Yesterday was Earth Day, this week is Earth Week. Many of my creation care friends are in Washington DC right now involved in a number of large scale events that we all hope will have great impact on the environmental and creation care conversation going on in the US in general and within the evangelical community in particular. I’m not in Washington; I’ve just returned from the bustling metropolis of Arcadia, Florida – where a different kind of and altogether remarkable creation care event took place this weekend. Let me tell you about it…
There are big things happening in Washington DC this week: Yesterday marked the kickoff of a year of creation care programming at the National Cathedral in partnership with Blessed Earth, an event that included a visit with Wendell Berry, who is as close to a superstar for the environmental movement as you will find. The Seminary Stewardship Alliance, a much needed program to encourage evangelical seminaries to train future church leaders who can lead the evangelical creation care was launched at the same event. There will be a National Endowment for the Arts lecture by Berry this evening at the Kennedy Center. And the third annual Day of Prayer for Creation Care occurs on Thursday, hosted by the Evangelical Environmental Network, featuring Dr. Chris Wright of the UK as keynote speaker. [If you're in the Washington area, I hope you can take part in these events, especially the Day of Prayer on Thursday.
Far away from Washington, in the rural town of Arcadia, Florida, a very different creation care event took place this weekend. Fifty people paid $40. each to sit through a five-hour seminar on caring for God’s creation. Admittedly not all paid the full fare, and not all were able to stay for the entire event. It’s not easy to set aside a Friday evening and half of Saturday, no matter how committed you are. But it was still remarkable.
Even more so was who these people were. Arcadia is not Madison Wisconsin, that’s for sure! While Arcadia is the site of the Desoto Next Generation Solar Energy Center, one of the largest photovoltaic arrays in the US, that was not the Arcadia represented at our seminar. These were farmers. They were not next-generation anything. They grow citrus. They breed beef cattle. One woman’s husband makes his living selling fertilizer. My friend Mark Davis, the guy who organized the event is a food-animal veterinarian who treats large herds of cattle before they are shipped from Florida to Texas. We are talking about people who work at the very beginning of the industrial agriculture food chain in America. They feed the nation – and the world – and they are proud of it.
Most environmental seminars that feature food would not start with steaks ‘big enough to cover your plate’. This one did. On the other hand, most people who are farming land that has been in their family for six generations wouldn’t be caught dead at an ‘environmental’ event of any kind. These folks came, paid a substantial admission fee for the privilege, and proceeded to wrestle with the topic of God, creation and the environmental crisis in a deep and profound way.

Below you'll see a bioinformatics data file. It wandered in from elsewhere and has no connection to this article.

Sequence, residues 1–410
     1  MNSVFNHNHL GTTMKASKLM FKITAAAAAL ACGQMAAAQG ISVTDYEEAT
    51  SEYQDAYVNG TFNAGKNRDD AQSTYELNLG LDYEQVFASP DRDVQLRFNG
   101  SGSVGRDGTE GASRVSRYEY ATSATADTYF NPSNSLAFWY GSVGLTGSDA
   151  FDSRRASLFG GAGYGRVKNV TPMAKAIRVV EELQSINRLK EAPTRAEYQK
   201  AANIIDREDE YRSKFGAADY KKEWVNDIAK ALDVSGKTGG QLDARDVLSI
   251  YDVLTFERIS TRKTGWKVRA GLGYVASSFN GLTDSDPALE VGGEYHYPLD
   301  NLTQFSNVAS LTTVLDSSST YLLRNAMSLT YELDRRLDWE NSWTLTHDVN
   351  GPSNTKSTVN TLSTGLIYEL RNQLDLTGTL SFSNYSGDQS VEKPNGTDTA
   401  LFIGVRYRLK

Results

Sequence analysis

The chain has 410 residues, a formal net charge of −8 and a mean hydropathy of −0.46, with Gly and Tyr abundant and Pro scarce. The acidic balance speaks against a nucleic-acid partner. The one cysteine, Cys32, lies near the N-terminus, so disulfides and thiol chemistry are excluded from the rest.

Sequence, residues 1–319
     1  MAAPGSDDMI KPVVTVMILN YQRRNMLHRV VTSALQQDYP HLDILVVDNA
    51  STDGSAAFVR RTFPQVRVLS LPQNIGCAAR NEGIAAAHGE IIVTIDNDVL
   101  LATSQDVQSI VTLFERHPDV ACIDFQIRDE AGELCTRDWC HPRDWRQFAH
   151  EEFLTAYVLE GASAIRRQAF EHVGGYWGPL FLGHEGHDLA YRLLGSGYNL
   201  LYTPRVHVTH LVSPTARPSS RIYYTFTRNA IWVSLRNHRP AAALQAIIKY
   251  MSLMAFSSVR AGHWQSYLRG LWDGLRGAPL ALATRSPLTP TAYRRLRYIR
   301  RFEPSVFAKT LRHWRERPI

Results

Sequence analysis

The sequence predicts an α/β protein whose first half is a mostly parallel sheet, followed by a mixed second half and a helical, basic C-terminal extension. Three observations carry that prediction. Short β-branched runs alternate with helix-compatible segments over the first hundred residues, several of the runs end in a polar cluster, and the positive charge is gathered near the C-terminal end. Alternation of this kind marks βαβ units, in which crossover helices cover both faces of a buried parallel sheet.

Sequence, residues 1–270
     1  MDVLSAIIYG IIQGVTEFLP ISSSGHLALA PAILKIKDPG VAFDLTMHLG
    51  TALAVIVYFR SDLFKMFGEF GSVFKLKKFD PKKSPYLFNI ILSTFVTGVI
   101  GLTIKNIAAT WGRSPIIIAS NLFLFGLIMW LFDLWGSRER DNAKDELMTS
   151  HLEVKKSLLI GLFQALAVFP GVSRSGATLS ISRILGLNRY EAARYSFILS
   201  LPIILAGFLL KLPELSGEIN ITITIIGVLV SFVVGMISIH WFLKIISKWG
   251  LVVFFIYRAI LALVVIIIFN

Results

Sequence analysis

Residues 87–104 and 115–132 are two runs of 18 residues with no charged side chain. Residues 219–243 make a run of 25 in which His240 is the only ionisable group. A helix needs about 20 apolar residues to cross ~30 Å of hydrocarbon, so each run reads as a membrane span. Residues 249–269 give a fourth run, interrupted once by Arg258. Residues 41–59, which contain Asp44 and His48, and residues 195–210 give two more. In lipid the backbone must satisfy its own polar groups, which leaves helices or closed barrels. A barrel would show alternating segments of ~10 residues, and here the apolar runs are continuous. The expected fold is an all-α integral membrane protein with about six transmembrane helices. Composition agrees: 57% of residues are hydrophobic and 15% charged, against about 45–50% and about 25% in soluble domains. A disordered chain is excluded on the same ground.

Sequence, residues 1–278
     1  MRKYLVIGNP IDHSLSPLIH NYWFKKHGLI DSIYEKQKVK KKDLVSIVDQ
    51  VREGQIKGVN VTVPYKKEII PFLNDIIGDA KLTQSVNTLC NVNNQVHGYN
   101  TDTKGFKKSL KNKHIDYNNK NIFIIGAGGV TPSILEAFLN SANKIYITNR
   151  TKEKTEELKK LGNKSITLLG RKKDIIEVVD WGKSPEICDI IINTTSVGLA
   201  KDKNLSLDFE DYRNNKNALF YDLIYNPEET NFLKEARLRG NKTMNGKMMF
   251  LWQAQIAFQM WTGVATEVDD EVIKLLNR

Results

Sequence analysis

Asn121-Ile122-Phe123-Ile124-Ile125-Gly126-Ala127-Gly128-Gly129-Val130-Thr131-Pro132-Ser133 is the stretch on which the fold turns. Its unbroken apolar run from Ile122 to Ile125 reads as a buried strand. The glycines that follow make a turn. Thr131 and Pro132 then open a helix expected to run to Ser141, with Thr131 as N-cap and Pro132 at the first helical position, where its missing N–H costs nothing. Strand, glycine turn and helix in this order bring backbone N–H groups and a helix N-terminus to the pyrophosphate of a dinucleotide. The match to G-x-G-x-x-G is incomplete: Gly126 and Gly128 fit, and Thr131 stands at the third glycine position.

What was going on here? Why would people who are supposed to be allergic to anything related to environmental causes spend a weekend like this? What are the lessons for the creation care movement?
First, a reminder: There has to be a local champion. None of those who came to the seminar knew me or had even heard of me before. They certainly did not come in response to my reputation. They came because Mark Davis invited them. In some cases, Mark is their vet. In others he’s just their friend. He knows them – and he knows they need to hear about what’s going on with God’s creation. Soil depletion, water issues, climate change issues from weather to sea level rise – there are a hundred pieces of the environmental crisis that are going to affect these folks directly. And Mark cares because God has touched his heart for this cause dramatically. [Mark has just finished a 23 minute video called Horns of Hope describing his passion for God’s creation and specifically his work to help save the black rhino of Africa. I’ll post a trailer here as soon as it’s available.]
Second, an observation: When we start with the Bible, people listen. The Our Father’s World Seminar is designed around the conviction that God’s people will respond to God’s word when it is presented in a way that is relevant, interesting and connected to their situations. Out of five hours of teaching, more than half are devoted entirely to biblical concepts. While there is plenty of material on the crisis itself, those sessions are not the ones that change people’s minds and lives: it’s the Bible that does that. And because we agree on the primacy of biblical truth, we can avoid or defuse most of the political themes that often confuse these kinds of discussions today.
Third, a principle: Wars are won on the ground, not in the air. Don’t misunderstand me: The events taking place in Washington this week are important. High profile decision makers in that city will, perhaps, be persuaded to pay attention and important and necessary changes in national policies may result from these efforts. I hope so. But the events are only distant rumbles to the farmers of Arcadia. Even if they were to hear about these events, there would be no impact on how they think or the decisions they make in their own lives. The battle for the hearts and minds of people like this will not, cannot be won from Washington. If we want to win this battle, we’re going to have to go to the Arcadias, encourage the Mark Davises – and share biblical truth.
What happens next in Arcadia? I don’t know. I can’t wait to find out. But I do know that there are now 50 people who are thinking differently about God, creation and their own responsibilities this week. And that’s how it begins.